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Titus Andronicus

"Sweet mercy is nobility's true badge." Act I, scene ii

Written: 1593

Actors' Shakespeare Project ; March 31, 2007 Cambridge, MA
Director : David R. Gammons ; Starring :
Reviewed on : 2007-04-11 16:48:25 ; Reviewed by : Will Stackman

All-male productions of Shakespeare recently have become more common on London stage, ranging from recreations of the Elizabethan style--in the academic tradition-- when women weren't allowed to act publically to the zany antics of Propellor now visiting New York. A play like Shakespeare's "Titus Andronicus", the Bard's first credited tragedy, a Senecan gore-fest that may have been reworked from one by a lesser University Wit, Geo. Peele, is a sure candidate. Peele is credited mainly with helping to regularize the iambic pentameter mastered by his compatriots, such as Christopher Marlowe. The ahistorical storyline of the play is probably Peele's invention. This violence-filled effort with only three female characters, intended to compete with Kyd's bloody "The Spanish Tragedy," was a popular piece, acted in various forms up through the 18th century when its viciousness fell out of favor. But the show has crept back into the contemporary canon. Last fall, the longtime student Shakespeare Society at Wellesley College even attempted it in their intimate historical hall, updating this mythical Roman play to a conflict between cowboys and indians.

For this Actors' Shakespeare project, director/designer David R. Gammons makes the tale as clear as possible with a clean theatre-of-cruelty staging on a bare platform lit mostly by industrial lighting by Jeff Adelberg, stylizing much of the action. Gore is eliminated, replaced on a few occasions by clear water, while symbolic stones and ropes provide most of the props.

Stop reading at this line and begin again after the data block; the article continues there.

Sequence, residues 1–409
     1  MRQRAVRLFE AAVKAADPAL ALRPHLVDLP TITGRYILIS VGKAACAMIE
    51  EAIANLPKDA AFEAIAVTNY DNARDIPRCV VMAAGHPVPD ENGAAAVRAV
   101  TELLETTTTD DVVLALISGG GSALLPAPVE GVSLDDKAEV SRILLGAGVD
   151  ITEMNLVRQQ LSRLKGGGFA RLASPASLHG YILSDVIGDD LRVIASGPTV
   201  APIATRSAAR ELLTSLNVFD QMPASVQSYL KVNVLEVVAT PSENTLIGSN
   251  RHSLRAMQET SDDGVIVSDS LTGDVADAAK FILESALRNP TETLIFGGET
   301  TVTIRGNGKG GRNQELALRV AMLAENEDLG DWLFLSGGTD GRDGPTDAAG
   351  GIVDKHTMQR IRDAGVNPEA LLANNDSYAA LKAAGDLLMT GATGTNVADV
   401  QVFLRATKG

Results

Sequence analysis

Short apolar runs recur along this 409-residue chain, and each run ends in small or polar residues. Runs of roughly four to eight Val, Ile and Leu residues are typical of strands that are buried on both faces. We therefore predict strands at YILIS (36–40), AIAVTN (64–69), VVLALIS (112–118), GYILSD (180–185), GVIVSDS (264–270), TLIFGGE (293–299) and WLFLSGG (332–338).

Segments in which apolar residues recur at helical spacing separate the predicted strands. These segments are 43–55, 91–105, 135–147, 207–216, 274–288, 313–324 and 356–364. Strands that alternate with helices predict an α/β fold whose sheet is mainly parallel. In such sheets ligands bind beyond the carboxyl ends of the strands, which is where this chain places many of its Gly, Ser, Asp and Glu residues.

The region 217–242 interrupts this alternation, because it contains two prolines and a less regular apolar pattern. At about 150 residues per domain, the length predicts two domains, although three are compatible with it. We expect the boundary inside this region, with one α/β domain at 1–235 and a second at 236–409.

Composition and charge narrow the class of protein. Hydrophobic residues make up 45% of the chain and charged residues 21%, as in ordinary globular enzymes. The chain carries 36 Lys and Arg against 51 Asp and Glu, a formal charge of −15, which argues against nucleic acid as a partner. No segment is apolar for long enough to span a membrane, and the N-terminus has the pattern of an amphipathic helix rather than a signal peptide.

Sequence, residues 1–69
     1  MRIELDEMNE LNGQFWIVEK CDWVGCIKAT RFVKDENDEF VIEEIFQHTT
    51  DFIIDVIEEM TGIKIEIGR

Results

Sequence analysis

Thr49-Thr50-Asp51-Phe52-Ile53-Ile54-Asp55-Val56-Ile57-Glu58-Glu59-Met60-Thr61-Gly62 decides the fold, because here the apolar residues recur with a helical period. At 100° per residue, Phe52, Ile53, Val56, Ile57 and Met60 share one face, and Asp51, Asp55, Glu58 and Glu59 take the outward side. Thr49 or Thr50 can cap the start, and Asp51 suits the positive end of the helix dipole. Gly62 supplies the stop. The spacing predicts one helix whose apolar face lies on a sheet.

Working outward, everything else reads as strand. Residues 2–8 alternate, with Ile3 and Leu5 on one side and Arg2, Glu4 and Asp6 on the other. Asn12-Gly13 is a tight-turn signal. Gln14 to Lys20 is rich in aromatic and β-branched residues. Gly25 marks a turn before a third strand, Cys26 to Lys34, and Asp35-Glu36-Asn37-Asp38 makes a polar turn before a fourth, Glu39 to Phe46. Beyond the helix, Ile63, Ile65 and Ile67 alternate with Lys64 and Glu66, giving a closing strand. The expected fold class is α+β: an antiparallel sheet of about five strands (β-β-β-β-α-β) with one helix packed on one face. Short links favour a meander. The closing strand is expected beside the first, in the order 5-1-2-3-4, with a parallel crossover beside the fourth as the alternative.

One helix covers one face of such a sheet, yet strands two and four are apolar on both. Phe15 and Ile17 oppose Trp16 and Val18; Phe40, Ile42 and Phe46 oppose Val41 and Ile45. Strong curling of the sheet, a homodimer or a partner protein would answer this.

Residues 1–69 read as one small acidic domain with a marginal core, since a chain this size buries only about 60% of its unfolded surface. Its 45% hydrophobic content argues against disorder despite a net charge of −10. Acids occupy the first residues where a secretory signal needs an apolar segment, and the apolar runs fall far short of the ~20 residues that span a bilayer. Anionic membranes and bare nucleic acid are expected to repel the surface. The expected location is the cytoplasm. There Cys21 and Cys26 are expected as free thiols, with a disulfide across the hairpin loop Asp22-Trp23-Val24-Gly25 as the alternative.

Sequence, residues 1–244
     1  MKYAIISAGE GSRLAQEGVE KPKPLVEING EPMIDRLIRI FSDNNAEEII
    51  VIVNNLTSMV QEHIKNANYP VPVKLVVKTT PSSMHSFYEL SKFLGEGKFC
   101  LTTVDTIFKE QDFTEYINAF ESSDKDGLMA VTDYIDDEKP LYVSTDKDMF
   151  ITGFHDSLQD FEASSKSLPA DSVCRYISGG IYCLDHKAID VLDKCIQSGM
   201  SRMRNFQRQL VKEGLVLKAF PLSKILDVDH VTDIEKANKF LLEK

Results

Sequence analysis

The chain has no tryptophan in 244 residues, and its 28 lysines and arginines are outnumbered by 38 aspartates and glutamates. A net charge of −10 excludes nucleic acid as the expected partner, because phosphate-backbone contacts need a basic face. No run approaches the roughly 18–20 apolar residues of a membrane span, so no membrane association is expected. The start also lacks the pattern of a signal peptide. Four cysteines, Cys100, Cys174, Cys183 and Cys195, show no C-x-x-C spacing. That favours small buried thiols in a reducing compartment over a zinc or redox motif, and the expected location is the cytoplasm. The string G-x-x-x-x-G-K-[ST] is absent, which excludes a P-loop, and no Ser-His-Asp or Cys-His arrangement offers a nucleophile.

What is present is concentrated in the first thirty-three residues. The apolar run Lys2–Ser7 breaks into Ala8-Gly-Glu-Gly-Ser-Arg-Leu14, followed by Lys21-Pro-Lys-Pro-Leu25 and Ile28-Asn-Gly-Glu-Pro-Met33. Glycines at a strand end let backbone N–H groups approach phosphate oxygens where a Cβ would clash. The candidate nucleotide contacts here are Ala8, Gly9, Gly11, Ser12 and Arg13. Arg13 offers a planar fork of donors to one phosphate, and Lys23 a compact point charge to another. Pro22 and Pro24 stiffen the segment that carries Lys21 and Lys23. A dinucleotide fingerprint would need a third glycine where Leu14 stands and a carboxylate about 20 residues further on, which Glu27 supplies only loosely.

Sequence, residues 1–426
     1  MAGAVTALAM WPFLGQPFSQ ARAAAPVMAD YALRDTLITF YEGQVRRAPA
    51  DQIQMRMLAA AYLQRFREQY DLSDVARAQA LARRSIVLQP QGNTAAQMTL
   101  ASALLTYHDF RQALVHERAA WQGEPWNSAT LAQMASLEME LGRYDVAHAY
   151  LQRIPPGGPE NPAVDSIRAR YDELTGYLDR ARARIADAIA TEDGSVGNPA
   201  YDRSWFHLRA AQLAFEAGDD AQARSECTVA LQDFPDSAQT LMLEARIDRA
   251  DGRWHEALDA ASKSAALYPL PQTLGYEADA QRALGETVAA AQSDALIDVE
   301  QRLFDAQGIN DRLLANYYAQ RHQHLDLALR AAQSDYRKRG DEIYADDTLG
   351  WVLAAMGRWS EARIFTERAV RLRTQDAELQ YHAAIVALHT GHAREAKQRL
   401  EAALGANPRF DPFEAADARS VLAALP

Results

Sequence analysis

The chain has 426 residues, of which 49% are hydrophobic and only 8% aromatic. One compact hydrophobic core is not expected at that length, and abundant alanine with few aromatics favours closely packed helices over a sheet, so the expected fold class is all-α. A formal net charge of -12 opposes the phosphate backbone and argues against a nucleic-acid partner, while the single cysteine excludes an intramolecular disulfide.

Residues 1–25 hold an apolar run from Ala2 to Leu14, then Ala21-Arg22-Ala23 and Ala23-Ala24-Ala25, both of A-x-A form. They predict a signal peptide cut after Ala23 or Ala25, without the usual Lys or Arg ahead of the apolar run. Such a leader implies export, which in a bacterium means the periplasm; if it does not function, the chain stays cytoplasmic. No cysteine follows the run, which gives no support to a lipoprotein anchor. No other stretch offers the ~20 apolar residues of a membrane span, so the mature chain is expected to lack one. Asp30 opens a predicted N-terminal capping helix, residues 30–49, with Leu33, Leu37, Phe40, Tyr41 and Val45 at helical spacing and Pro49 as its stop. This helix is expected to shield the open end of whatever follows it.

Actor/director Robert Walsh pulls out all the stops to play the title role of the general who has just defeated the Goths, while guest artist Joel Colodner anchors the rest of Andronicii family as his older brother Marcus, a senator. Dmetrius Conley-Williams plays the arch-villain, Aaron the Moor, with real relish in an ironic manner, showing his long experience with Shakespearean verse.

The main villain, Tamora, Queen of the Goths, whose revenge energizes the action, is assayed by John Kuntz in a mannered interpretation which doesn't rise to the level of energy needed. Likewise, Paul Melendy as the much-brutalized Lavina, Titus' daughter, doesn't engage the audience's sympathy. The concept of using an all-male cast founders slightly with these two roles. Anna-Alisa Belous' costumes for these two roles too doesn't feminize the roles enough, which further distances the interpretation. The quasi-black military outfit on Titus and his sons are more effective, with Tamora's sons in punk cammies sufficiently differentiated. Cowardly emperor Saturninus, played by Doug Lockwood and his brother Bassianus, done by Daniel Berger-Jones, are more civilian, but not as effective. The black and white motif becomes monotonous.

Gammon's approach to the opening of the play stresses the ritualization of violence in this view of ancient Rome, and establishes Titus commitment to the stones of his ancestors. While the theme permeates the production--stones are everywhere--but the tone stretches thin, disappearing almost completely by the end of the production when Titus' madness after his daughter is ravished turning almost comic. A good understanding of the scenario makes it much easier to follow the action. ASP's does it all with much toing-and-froing requiring close attention. The rest of the fifteen member ensemble is generally up to the challenge of playing Titus' remaining sons, assorted Romans, Goths, etc.

The revenge theme is sadly all to familiar on the nightly news, in Iraq, and on the streets of Boston's Dorchester. The company has tried to perform their three hours action without contemporary references but has scheduled extra events to broaden the play's scope. It will be interesting to see how this theme continues next season when they've scheduled an all-female version of the Scottish play, a more mature study of violence with a clearer political message.

Samuel Woodforde,
Lavinia, Demetrius and Chiron

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